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The EM Sell-Off Creates Opportunities for the Active Manager

John P. Calamos Sr.

Currency fears in Turkey, India, South Africa and Argentina, and escalating political uncertainty in the Ukraine are roiling the emerging markets. Investors are responding fearfully, and that fear is causing volatility, leading to more fear, and so on. This downturn may still have some distance to go.

Fear is an increase in systemic risk. It is something that needs to be monitored. At this point, we are of course concerned about the EMs' slide, but we still believe there are many reasons to invest in EMs. It's about being selective.

Although the real problems are confined to just a few countries, the sell-off has cascaded across the EMs. This isn't surprising: market participants often (over)react broadly and emotionally in response to bad news.

As we stated in our most recent economic outlook, "2014: Year of the Fundamental Investor," we expect the nearer-term prospects of emerging markets to be uneven. This creates opportunities for longer-term investors. As the dust settles (which might take a while yet), we expect investors to be more discriminating. This calmer mindset will likely rekindle interest in countries with stronger fundamentals—that is, those that aren't struggling with weak currencies, high current account deficits and fiscal deficits, or elevated levels of political uncertainty.

In fact, in the midst of this acute volatility, we continue to be select buyers of fundamentally strong companies in countries that are currently in a better position for growth. Investors who lump countries like Mexico and the Philippines in with the more troubled ones (India, Brazil) could very well be missing out. As our co-PM Nick Niziolek wrote in his recent posts, these are both countries where positive government reforms are providing an improving backdrop for private sector growth, foreign direct investment and continued economic growth. We also continue to like opportunities in more-export driven economies like Taiwan, which we believe can benefit from the developed markets' recovery.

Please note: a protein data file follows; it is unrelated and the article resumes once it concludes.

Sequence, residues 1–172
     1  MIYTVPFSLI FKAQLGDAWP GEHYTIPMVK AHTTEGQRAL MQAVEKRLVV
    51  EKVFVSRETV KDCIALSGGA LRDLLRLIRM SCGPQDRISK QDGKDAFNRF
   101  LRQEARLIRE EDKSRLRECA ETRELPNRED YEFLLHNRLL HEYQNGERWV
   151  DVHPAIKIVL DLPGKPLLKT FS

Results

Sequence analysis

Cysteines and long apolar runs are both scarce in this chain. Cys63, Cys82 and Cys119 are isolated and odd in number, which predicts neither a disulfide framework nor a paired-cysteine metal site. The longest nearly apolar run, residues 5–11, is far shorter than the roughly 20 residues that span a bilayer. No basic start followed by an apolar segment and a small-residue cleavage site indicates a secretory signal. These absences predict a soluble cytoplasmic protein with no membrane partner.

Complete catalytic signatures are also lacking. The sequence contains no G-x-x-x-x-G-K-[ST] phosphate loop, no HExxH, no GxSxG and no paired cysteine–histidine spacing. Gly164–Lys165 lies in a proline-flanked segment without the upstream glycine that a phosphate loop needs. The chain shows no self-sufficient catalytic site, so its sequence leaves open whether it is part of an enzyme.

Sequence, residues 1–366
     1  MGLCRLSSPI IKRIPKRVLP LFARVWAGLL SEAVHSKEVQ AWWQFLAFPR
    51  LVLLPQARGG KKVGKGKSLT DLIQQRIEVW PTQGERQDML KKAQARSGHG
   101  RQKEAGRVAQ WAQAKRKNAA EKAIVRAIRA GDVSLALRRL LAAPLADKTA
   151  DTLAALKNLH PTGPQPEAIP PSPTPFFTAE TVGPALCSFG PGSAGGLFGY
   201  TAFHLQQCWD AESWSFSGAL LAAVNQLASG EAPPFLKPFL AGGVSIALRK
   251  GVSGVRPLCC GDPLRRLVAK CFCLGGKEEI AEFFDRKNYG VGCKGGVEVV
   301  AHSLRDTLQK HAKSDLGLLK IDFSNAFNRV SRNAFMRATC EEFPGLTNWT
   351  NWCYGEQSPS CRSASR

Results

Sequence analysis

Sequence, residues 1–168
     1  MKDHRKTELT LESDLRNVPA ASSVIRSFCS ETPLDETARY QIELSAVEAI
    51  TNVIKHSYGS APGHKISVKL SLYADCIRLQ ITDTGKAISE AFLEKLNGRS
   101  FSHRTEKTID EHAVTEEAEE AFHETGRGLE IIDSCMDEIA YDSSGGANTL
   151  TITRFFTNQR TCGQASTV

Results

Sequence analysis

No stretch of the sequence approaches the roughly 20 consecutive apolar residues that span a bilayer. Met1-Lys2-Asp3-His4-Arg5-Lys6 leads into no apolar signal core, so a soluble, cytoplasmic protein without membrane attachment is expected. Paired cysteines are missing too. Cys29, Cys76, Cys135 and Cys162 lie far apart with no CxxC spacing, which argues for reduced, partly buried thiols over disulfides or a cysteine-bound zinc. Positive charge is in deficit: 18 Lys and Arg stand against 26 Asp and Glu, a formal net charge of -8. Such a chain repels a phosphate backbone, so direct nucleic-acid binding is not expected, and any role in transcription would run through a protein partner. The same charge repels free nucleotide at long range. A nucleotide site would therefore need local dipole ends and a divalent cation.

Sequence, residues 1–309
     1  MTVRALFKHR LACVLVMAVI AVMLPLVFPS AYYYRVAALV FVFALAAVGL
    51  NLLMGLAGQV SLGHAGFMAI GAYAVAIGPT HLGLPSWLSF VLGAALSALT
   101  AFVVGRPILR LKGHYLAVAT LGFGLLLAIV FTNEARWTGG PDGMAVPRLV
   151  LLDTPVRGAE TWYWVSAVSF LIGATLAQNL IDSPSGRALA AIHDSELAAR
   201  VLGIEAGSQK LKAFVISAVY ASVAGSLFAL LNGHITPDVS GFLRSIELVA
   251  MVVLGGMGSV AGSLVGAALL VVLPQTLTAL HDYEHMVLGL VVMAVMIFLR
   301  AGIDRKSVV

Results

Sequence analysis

And what about China? Overall, we're still constructive. The country is in the midst of a far-reaching shift from a manufacturing-based economy dominated by state-owned enterprises to a consumption-driven economy with greater private sector participation. This is a transition that will take time and there will be volatility (inherent in emerging markets), but the Chinese government has many resources at its disposal. The expansion of free markets in China could provide a monumental tailwind to global growth.

Finally, the secular growth themes in the emerging markets are as powerful today as they were before the sell-off. The rise of the global middle class consumer is a mega trend, and for investors who are wary of increasing direct emerging market exposure, developed market companies that provide goods and services to the emerging market consumer continue to be a compelling alternative, in my view.

As always, it pays to be selective. Emerging markets will continue to be volatile, but therein lies the opportunity for the long-term active investor.

    The opinions referenced are as of the date of publication and are subject to change due to changes in the market or economic conditions and may not necessarily come to pass. Information contained herein is for informational purposes only and should not be considered investment advice.

    The information in this report should not be considered a recommendation to purchase or sell any particular security. The views and strategies described may not be suitable for all investors.

    As a result of political or economic instability in foreign countries, there can be special risks associated with investing in foreign securities, including fluctuations in currency exchange rates, increased price volatility and difficulty obtaining information. In addition, emerging markets may present additional risk due to potential for greater economic and political instability in less developed countries.

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